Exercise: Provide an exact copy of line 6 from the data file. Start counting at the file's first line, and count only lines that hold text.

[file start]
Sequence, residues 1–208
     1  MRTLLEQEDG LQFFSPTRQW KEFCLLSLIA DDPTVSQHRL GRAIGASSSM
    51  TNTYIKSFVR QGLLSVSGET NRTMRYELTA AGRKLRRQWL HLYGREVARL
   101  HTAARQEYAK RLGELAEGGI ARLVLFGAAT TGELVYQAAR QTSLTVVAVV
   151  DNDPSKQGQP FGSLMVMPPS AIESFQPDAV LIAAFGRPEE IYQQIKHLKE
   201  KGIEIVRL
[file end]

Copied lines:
   201  KGIEIVRL